Okay so now we have identified the sludge in the bottom of the bottle but we still don’t want to drink it so what do we do about it. If we want to be truly traditional we let the wine rest standing up for an hour or so to settle the sediment to the bottom of the bottle. Next set a decanter on a table with a candle (shorter than the decanter) next to it and we hold the neck of the wine bottle very carefully over the flame of the candle (not to close) so we can see the light through the wine as it passes the neck. Now slowly pour the wine into the decanter, all the time looking through the small stream of wine in the neck of the wine for the presence of sediment. Once you see sediment, stop pouring and if there is still a lot of wine (more than half a glass) left in the bottle let it settle to the bottom and serve the decanted portion. Before the decanter empties, repeat the filtering process with the settled bottle. This time you should only have a small amount of sludge and wine remaining in the bottom of the bottle after you have decanted it. What left goes down the drain as you rinse the bottle before recycling it.
I you’re like me that’s way too much work and pomp and circumstance. I prefer simpler methods, I generally use a wine sediment filter that I got as a gift for Christmas years ago. It’s very functional except that it is Sterling Silver and I get to polish it way too often. Today many varieties exist and many don’t require so much effort to maintain The picture to the left show my sludge disposal set up. I simply slide the funnel into the top of the decanter, insert the screen into the top of the funnel and pour away. If the sludge is really fine I have been known to put a two inch square patch of food grade cheesecloth inside the screen to catch the really small stuff.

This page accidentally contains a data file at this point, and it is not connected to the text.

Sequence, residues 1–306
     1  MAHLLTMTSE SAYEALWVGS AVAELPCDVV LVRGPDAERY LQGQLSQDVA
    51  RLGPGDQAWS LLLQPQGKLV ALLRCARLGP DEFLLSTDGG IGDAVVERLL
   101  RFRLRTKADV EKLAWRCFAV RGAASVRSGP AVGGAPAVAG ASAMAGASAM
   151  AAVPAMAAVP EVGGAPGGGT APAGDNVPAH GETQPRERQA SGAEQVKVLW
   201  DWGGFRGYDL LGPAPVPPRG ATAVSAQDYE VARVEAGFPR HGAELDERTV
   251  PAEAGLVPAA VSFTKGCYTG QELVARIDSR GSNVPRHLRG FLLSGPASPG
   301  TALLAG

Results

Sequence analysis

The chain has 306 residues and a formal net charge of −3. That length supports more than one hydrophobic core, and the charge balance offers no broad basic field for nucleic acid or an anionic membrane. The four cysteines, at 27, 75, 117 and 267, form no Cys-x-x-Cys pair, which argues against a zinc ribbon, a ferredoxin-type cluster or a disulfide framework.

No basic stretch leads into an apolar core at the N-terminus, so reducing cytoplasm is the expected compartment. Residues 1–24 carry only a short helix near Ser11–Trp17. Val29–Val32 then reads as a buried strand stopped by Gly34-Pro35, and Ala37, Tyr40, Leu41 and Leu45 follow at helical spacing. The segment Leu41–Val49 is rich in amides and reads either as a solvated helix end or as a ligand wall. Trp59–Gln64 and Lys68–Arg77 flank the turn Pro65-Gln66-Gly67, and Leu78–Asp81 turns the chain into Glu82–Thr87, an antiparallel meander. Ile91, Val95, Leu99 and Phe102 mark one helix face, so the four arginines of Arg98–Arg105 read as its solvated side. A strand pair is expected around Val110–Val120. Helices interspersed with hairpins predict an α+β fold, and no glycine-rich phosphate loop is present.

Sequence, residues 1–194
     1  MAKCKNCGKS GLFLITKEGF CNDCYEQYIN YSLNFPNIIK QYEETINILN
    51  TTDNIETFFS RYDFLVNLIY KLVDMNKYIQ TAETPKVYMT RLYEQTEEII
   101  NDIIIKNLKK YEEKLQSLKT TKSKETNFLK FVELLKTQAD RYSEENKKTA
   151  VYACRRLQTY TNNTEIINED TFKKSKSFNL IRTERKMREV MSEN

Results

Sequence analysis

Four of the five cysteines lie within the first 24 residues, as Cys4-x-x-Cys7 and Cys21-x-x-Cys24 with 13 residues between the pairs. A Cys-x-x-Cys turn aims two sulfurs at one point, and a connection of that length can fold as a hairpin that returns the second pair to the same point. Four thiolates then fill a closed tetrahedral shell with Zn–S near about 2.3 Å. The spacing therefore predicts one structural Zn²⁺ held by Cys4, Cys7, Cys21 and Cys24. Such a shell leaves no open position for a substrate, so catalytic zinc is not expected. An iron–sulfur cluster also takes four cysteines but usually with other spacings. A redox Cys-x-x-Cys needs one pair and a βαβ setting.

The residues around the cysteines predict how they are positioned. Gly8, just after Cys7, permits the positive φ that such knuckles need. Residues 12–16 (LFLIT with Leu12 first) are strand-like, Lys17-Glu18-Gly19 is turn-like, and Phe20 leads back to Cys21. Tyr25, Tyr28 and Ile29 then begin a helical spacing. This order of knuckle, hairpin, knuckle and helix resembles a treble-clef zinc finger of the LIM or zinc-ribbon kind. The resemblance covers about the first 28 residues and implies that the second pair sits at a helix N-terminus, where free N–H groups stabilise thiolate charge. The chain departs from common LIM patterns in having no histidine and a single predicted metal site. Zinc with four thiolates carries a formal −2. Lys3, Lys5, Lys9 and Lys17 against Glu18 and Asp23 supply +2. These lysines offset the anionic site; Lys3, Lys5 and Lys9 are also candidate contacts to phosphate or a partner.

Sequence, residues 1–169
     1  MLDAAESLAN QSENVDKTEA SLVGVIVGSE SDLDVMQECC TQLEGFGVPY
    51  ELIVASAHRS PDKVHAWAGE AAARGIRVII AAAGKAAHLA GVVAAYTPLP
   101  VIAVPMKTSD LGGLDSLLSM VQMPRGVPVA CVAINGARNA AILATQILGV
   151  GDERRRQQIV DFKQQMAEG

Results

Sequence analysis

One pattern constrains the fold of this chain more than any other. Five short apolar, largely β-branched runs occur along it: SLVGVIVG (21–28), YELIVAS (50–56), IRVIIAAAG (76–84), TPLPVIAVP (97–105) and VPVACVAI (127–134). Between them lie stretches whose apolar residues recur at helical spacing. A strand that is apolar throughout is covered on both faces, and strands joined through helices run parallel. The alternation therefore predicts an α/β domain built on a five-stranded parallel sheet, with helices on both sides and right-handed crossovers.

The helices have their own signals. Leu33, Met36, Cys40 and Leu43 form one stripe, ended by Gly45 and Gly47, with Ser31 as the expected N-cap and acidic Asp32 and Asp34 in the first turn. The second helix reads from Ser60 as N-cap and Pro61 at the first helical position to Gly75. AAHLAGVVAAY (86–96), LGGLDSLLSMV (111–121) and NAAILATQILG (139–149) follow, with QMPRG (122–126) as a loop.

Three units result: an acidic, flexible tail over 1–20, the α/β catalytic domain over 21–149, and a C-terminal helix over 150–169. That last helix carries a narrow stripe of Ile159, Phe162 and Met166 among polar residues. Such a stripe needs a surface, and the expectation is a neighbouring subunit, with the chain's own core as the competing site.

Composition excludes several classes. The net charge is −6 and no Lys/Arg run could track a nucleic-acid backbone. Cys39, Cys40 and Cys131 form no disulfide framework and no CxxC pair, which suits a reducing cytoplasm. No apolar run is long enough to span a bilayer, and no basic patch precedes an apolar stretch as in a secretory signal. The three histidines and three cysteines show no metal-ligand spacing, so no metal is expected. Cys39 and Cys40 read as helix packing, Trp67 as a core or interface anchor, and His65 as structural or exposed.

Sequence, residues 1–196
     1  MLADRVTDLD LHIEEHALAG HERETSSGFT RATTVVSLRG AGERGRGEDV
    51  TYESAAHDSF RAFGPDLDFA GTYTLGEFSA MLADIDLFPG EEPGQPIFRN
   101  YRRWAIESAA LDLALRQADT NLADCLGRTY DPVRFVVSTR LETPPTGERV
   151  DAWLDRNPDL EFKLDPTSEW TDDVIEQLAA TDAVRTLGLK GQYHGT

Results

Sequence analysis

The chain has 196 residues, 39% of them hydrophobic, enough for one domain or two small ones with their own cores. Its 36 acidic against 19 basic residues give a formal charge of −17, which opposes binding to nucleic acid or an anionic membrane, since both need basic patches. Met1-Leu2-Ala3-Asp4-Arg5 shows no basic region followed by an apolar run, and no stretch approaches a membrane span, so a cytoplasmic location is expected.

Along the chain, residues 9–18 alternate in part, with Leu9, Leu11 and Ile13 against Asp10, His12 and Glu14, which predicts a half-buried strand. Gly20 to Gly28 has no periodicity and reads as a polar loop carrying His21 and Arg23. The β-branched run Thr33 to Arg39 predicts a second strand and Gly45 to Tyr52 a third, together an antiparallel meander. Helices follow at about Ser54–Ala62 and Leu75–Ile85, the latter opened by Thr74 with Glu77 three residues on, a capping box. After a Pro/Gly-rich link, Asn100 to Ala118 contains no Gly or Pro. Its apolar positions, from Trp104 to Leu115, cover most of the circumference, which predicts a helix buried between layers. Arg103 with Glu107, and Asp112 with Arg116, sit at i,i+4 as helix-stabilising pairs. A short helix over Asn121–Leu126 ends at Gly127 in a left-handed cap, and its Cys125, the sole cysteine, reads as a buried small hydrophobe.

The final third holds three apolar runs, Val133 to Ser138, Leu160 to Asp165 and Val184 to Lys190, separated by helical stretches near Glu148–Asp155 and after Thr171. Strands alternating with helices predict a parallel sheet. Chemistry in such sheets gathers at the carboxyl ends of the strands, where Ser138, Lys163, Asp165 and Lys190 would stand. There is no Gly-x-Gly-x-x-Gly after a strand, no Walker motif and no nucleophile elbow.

I have a number of friends that think I am way too formal with the process and they get down and dirty. If your with them or simply don’t have a wine filter (a small sieve and a plastic funnel do nicely), take a simple coffee filter and form it into a cone and set in the top of a quart mason jar and pour the wine through the filter. Hey it works and I will confess that I don’t see that it harms the wine. Okay maybe I wouldn’t use this method with a first growth Grand Cru Bordeaux, but for most wines that I drink it is fine. At the end of the day any method that get rid of the sludge and doesn’t ruin the wine works. Incidentally I made the assumption that you were entertaining and would drink the entire bottle. If it is just you and you drink a glass or two in an evening any of these methods work fine by the glass. In fact the first pours from the bottle will likely not need filtration at all if the bottle is well rested and bottom settled. One final note, it really doesn’t matter what kind of sludge you find in the bottle, the filtration methods will be pretty similar and just as effective.
I hope you have enjoyed my blog posts so far and maybe even learned a trick or two. I have a good list of topics I plan to write about in the next weeks, but I would love to have some questions and suggestions from my readers, so that I know what interests you and the kind of stuff you would like to see as I expand and improve Poor Robert’s (Wine) Almanac.